Man Booker International 2016 Longlist

March, 2016

Household, pseudonymous and new names are included on the longlist of 13 books in line for the prestigious Man Booker International Prize, released March 10.

Contenders include Turkey’s household name Orhan Pamuk; the ever-mysterious Italian, Elena Ferrante — who writes under a pseudonym; South Korea’s Han Kang; Indonesia’s Eka Kurniawan; and Finland’s Aki Ollikainen. The 13 were winnowed from an initial stack of 155.

“Our selection highlights the sheer diversity of great fiction today,” said judging panel chair Boyd Tonkin, of the Independent newspaper, in a press release.

“From intense episodes of passion to miniature historical epics; from eerie fables of family strife to character-driven chronicles of urban life, this list showcases fiction that crosses every border. It also pays tribute to the skill and dedication of the first-rate translators who convey it to English-language readers,” said Tonkin’s statement.

The other judges on the panel are novelist Tahmima Anam; Princeton University academic David Bellos; editor and academic Daniel Medin; and British poet and author Ruth Padel.

The international Man Booker, sponsored by the British investment house Man Group, joined this year with the Independent Foreign Fiction Prize

The short list of six will be released April 14, with each author and translator receiving UK £1,000. The final winner will be announced on May 16. The grand prize of UK £50,000 will be split equally between each book’s author and translater.

The real prize, however, is the priceless name recognition from having won a Man Booker.

Here is the longlist of books in contention, with the author and nationality first, followed by the translator, title, and imprint:

José Eduardo Agualusa (Angola) Daniel Hahn, A General Theory of Oblivion (Harvill Secker)

Elena Ferrante (Italy) Ann Goldstein, The Story of the Lost Child (Europa Editions)

Han Kang (South Korea) Deborah Smith, The Vegetarian (Portobello Books)

Maylis de Kerangal (France) Jessica Moore, Mend the Living (Maclehose Press)

Eka Kurniawan (Indonesia) Labodalih Sembiring, Man Tiger (Verso Books)

Yan Lianke (China) Carlos Rojas, The Four Books (Chatto & Windus)

Fiston Mwanza Mujila (Democratic Republic of Congo/Austria) Roland Glasser, Tram 83 (Jacaranda)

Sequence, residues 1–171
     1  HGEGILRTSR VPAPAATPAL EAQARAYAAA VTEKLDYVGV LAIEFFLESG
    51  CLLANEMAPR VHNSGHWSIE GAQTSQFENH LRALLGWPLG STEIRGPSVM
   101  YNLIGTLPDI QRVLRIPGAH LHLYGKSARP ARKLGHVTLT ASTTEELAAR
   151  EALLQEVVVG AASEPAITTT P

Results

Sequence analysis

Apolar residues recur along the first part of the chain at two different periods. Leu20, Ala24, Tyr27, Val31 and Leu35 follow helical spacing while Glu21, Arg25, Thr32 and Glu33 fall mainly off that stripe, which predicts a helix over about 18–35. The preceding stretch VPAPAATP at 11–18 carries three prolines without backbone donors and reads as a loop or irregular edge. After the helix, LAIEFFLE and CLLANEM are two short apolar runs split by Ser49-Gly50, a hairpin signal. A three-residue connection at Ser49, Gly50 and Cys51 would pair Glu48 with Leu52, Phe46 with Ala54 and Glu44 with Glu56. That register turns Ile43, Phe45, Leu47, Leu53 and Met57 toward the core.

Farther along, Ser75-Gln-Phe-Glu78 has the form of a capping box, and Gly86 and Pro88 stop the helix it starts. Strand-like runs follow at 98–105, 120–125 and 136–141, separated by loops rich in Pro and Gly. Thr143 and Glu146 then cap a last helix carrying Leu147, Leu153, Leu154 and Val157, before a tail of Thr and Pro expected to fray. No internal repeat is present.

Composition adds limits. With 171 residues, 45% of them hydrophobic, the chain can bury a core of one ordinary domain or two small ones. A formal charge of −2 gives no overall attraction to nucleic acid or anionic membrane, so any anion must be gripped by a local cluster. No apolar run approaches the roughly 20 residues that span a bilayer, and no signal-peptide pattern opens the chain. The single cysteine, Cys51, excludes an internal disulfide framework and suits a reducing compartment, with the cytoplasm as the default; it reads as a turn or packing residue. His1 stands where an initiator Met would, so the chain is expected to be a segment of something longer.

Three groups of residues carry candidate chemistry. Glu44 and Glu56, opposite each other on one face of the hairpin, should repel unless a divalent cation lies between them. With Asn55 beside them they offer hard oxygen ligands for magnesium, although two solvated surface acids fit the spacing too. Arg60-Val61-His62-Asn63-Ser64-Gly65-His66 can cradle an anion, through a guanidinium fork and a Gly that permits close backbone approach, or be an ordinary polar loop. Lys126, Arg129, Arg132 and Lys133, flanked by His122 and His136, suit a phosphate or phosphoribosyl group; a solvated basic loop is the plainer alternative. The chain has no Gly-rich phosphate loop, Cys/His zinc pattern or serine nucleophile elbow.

Raduan Nassar (Brazil) Stefan Tobler, A Cup of Rage (Penguin Modern Classics)

Marie NDiaye (France) Jordan Stump, Ladivine (Maclehose Press)

Kenzaburō Ōe (Japan) Deborah Boliner Boem, Death by Water (Atlantic Books)

Aki Ollikainen (Finland) Emily Jeremiah & Fleur Jeremiah, White Hunger (Peirene Press)

Orhan Pamuk (Turkey) Ekin Oklap, A Strangeness in My Mind (Faber & Faber)

Robert Seethaler (Austria) Charlotte Collins, A Whole Life (Picador)

— Deborah Jones

Further reading from F&O’s archives:

The Man Booker is stacked in favour of big publishers, By Stevie Marsden, July, 2015

The Man Booker Prize for Fiction has announced its longlist for the 2015 award. Now in its 46th year, the award is among the most prestigious in the literary world. It is also incredibly generous to the big publishing houses. Five of the six books shortlisted last year came from Penguin Random House, following a longlist where nine out of the 13 books came from the big publishers. This year it is eight out of 13. But whether or not you think this sounds too much, the real problem lies in submission rules that risk locking in this dominance and making it progressively worse in years to come.

Man Booker Prize: Colonization’s Long Shadow , By Preti TanejaOctober, 2014

Richard Flanagan is the winner of the 2014 Man Booker Prize with his novel The Narrow Road to the Deep North. Giving his acceptance speech he said, “In Australia the Man Booker is seen as something of a chicken raffle. I just did not expect to end up the chicken.”

Judging the Man Booker Prize, By Dinah Birch, July, 2014

This year’s run-up to the naming of the Man Booker Prize winner has just begun, with the announcement of the 13 novels that make up the longlist. They will soon be dissected and analysed by readers and critics all over the world. For the first time, the prize has been open to writers of any nationality, as long as their work was originally in English and was published in the United Kingdom.

Elsewhere on the web:

Successfully absent: Elena Ferrante’s Italian books, by Giorgia Alu, The Conversation

Italian novelist Elena Ferrante is a cult author. She is defined as “one of the great novelists of our time” in The New York Times Book Review, “the best contemporary novelist you have never heard of” in The Economist, and “one of Italy’s finest novelists” in the Times Literary Supplement, and so on and so forth. She is also known for fiercely protecting her true identity.


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